If you’re looking to take your small business or startup to the next level, mastering SEO could be the oomph your business needs to get more traffic to your website. This guide will drill down into how small businesses and startups should approach SEO when they have a limited budget and limited resources.
What is SEO?
It’s not uncommon to have heard of SEO, know it’s important but not really know what it is or how it relates to your business opportunity. After all, chances are your business expertise is nothing to do with digital marketing or SEO. In a nutshell, SEO is shorthand for Search Engine Optimisation. It’s the process of optimising your digital presence to be more visible in search engines, such as Google. This is important because the higher you rank in search engines, the more likely you are to get potential customers coming through to your website, which should increase your chances of winning new business.
How does SEO for startups & small businesses differ from regular SEO?
It doesn’t, really. SEO should form part of an overall marketing strategy no matter what size or stage you’re at. All SEO is about increasing your business opportunity by increasing your visibility on search engines. However, the difference comes into play when you consider that most small businesses or startups often:
- Don’t have in-house SEO specialists
- Have a limited budget to work with
- Need to prioritise activity based on what will impact the bottom line
For this reason, SEO for small business websites needs to be savvy and work harder than companies with bigger budgets and resources. Small business owners need to be confident that their SEO approach is focused to reap the biggest rewards – which can be tricky if you don’t have the technical know-how. So, with all that in mind, let’s dive into Position Digital’s exclusive small business SEO tips.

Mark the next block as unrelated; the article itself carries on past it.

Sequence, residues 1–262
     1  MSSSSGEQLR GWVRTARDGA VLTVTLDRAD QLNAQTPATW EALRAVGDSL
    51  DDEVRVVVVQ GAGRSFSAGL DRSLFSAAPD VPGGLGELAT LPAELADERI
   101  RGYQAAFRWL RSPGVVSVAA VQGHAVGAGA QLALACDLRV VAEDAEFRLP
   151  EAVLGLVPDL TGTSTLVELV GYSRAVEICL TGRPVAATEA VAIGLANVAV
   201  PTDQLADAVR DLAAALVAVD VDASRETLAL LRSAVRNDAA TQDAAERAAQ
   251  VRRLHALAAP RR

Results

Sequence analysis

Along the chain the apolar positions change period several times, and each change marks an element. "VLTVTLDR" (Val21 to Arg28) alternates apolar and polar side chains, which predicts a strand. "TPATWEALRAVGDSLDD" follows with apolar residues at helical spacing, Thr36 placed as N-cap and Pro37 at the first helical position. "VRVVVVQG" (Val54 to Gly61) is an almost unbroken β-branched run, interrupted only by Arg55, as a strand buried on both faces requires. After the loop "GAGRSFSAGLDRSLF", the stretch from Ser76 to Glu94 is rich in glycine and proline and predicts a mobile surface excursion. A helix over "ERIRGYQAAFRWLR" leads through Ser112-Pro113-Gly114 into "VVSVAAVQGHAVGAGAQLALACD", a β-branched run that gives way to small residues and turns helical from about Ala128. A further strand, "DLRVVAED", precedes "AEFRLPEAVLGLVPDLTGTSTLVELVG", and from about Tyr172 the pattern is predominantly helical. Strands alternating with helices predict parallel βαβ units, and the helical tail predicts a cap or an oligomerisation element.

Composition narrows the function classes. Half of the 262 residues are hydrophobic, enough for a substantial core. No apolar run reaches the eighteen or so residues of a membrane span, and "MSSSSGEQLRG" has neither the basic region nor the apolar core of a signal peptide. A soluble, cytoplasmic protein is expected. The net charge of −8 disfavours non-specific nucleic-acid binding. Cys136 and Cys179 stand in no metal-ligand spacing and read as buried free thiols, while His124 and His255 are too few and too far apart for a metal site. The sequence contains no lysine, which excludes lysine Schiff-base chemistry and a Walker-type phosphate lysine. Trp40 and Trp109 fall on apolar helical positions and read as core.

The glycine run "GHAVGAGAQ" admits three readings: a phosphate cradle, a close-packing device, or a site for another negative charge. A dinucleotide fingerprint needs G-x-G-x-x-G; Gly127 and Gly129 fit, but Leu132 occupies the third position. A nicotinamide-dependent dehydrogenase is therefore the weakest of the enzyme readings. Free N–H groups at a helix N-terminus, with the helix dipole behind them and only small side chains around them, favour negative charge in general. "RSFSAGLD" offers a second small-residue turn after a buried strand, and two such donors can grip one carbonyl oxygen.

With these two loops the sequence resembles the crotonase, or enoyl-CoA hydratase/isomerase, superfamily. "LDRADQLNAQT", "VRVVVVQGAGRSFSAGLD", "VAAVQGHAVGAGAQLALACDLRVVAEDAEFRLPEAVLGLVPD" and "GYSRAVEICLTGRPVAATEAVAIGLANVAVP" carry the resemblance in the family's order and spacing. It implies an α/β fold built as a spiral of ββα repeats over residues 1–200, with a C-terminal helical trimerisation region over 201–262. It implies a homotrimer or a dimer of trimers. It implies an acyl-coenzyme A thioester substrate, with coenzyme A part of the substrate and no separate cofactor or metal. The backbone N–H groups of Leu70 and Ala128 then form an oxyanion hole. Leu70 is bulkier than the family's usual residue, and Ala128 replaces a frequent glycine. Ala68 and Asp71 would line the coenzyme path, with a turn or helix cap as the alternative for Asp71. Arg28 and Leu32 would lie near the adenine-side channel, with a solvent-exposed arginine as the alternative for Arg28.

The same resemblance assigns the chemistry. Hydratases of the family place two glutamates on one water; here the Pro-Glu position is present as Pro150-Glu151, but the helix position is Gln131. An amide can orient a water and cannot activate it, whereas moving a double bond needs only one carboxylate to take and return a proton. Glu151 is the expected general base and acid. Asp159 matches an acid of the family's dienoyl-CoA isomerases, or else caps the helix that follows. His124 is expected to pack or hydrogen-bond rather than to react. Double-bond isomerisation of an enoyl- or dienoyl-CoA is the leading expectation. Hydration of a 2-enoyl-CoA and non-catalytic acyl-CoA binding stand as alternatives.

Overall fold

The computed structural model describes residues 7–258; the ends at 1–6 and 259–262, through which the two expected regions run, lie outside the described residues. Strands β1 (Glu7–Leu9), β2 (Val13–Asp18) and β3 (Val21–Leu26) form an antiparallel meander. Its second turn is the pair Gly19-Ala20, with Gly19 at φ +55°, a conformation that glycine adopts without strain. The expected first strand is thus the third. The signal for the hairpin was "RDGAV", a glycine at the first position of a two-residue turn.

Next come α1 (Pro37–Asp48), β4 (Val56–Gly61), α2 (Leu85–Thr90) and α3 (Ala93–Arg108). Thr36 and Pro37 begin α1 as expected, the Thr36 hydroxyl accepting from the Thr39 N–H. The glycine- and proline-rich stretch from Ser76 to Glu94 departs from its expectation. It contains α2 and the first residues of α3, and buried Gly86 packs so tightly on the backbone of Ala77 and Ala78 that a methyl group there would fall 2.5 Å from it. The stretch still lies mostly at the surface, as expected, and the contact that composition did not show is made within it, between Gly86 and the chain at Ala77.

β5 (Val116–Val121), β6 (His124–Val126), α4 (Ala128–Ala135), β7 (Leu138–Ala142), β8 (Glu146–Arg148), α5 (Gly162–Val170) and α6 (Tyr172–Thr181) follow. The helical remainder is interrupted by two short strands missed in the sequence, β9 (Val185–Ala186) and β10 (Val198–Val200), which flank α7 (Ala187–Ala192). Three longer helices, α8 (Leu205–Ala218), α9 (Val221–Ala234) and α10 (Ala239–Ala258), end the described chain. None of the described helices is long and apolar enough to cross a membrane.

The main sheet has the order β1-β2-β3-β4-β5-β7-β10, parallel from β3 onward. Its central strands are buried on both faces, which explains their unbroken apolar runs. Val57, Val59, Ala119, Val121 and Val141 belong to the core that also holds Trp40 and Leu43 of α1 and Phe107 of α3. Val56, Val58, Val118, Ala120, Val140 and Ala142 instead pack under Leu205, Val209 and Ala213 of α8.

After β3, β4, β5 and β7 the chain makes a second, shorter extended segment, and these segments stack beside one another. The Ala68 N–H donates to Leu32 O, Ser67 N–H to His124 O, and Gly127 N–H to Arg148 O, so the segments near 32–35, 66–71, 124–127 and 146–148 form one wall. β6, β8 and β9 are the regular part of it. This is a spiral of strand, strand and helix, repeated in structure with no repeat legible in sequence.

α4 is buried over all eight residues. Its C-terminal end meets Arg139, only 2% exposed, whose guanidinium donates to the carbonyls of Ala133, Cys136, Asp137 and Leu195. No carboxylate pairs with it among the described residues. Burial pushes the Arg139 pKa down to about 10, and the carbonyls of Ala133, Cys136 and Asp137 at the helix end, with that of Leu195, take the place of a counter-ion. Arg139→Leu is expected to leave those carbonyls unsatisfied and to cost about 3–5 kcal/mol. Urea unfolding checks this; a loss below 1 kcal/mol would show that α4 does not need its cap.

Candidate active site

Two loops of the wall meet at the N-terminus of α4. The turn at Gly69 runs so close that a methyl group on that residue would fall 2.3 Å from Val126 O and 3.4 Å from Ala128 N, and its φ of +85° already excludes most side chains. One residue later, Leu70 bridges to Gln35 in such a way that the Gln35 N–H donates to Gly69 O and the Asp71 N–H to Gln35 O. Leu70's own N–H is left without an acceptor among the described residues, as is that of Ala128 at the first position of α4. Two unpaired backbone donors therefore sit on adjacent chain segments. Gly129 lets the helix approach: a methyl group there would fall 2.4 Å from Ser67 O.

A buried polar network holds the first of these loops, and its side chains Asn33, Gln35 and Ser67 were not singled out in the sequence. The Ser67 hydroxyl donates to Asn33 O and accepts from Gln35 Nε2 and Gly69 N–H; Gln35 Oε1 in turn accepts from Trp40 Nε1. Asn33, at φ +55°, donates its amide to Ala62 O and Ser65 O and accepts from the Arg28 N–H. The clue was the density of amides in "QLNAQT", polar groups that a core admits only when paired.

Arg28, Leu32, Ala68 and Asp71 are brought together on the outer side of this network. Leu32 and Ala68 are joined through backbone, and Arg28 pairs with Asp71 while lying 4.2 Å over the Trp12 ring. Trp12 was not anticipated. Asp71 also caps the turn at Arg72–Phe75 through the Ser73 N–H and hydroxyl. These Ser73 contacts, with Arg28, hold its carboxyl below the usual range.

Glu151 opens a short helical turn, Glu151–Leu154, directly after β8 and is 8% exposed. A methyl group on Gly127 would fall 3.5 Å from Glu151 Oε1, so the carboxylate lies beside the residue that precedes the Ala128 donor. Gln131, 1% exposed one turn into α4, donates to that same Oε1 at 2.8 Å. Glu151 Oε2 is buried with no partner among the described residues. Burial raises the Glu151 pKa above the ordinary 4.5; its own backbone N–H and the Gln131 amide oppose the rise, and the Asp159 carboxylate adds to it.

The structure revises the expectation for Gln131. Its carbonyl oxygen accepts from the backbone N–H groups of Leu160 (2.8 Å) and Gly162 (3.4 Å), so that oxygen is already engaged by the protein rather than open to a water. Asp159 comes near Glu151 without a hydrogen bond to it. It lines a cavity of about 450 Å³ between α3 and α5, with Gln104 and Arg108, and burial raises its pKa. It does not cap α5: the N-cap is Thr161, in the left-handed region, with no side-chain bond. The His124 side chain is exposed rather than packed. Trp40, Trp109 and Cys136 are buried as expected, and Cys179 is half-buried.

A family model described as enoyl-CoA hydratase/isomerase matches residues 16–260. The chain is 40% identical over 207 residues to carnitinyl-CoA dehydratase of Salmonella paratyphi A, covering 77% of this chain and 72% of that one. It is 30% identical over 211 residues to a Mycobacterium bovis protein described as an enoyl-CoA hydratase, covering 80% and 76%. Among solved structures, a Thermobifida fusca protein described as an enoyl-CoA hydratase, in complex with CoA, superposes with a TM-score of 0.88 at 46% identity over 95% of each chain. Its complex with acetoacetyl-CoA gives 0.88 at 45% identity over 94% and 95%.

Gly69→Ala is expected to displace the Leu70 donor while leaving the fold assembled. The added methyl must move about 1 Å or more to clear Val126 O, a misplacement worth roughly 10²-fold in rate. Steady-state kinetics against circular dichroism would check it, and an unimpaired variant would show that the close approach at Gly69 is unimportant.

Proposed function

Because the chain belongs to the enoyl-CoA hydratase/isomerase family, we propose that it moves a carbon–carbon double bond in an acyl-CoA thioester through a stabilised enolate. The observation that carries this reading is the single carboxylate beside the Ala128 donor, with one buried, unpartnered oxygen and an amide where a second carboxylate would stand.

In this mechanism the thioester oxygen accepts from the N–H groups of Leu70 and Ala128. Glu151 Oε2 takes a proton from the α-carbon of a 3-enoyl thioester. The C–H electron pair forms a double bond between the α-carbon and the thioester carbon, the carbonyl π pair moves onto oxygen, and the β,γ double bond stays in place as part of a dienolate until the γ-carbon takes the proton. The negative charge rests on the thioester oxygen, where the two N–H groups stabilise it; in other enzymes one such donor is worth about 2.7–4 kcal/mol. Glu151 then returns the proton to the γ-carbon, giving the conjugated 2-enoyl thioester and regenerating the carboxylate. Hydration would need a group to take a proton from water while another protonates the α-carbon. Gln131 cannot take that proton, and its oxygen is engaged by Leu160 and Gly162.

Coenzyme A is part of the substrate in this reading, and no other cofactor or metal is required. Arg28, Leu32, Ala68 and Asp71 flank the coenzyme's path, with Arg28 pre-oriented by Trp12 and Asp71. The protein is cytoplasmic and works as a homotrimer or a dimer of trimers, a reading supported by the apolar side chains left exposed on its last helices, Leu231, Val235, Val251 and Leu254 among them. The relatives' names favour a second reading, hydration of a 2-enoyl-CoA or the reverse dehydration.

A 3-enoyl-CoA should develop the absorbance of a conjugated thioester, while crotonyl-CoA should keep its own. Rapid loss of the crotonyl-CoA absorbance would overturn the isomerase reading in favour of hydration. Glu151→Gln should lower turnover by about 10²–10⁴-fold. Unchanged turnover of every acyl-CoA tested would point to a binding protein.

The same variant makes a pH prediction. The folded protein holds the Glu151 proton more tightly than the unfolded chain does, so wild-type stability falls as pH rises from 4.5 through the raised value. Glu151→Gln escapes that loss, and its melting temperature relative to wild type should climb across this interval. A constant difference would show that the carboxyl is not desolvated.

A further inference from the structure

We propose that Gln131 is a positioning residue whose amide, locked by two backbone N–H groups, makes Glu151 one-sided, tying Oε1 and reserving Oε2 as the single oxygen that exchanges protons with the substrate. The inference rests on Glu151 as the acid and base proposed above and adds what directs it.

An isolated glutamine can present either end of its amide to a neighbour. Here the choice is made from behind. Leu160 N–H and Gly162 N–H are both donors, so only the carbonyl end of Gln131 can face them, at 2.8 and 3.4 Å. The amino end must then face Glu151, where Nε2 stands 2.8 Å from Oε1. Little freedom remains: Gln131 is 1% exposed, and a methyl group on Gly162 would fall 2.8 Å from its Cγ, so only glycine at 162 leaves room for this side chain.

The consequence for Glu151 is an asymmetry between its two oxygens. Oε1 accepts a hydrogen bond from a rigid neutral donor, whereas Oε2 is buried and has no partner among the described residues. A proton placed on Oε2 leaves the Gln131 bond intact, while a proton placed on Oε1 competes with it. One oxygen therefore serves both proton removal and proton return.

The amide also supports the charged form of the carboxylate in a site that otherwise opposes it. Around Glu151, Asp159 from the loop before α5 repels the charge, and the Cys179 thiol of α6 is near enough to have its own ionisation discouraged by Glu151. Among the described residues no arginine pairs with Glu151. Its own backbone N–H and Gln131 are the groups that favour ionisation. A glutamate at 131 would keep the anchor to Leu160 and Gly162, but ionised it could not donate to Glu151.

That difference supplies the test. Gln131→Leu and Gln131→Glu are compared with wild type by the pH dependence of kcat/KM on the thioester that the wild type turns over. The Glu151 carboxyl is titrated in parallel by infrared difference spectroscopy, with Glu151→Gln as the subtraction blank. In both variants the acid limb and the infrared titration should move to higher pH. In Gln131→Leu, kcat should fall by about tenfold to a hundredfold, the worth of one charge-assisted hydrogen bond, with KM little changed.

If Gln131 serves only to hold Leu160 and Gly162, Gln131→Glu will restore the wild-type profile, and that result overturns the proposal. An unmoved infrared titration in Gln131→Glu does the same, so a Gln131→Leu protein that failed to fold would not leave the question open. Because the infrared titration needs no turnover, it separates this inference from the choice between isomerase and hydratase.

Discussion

Our SEO tips for small businesses & startups
Beginning with the basics and moving on to more advanced tips, we’ve compiled our top tips for small businesses and startups looking to improve their SEO.
Add your business to Google
You’ve probably noticed that when you search for a business in Google, it often shows you a business listing that looks like this:
It’s free to appear on Google in this way. All businesses need to do is head to Google My Business and begin. This is particularly important for businesses with a physical premise or a location-based business. It means that the next time somebody types for your business type in your area, i.e. ‘butchers in London,’ it will appear in the relevant local business listings along with your address and phone number.
Get Google Analytics & Google Search Console
These two tools are free for all to install and use and provide the foundations for SEO. Google Analytics allows you to analyse behaviour on your website and is really key for monitoring how much traffic your website is getting, how long people are spending on your site, who your visitors are and how they are reaching you. All of this information is useful for getting an overview of how your website is performing.
While Google Search Console is geared more specifically towards optimising how you are appearing in Google search results. It allows you to monitor, maintain and troubleshoot your website’s presence on the Google search results page to help ensure your target audience can find you.
Make sure your website exists to Google
If your website isn’t indexing, it won’t exist to search engines and it won’t appear in search engine results. This means you’re missing valuable opportunities for people to find your business.
Ensuring your website is indexed correctly means that your website can start to be discovered by people searching within Google (or other search engines).
To check if your website is indexing, search for your domain within Google, using the following search operator:
If you see some results listed, as in the example above, that means at least some of your web pages are indexing in Google. Look at how many results are listed and how that corresponds to the number of unique pages you have on your website. These numbers should match if all pages on your website are indexed. If they do, great, you can skip ahead to the next tip!
If there are fewer results than the number of web pages you have, that means some web pages aren’t indexing.
If nothing appears in the results, then it’s a sign that your website is not indexing at all. This can sometimes happen with brand new websites. You’ll see something like this if that is the case.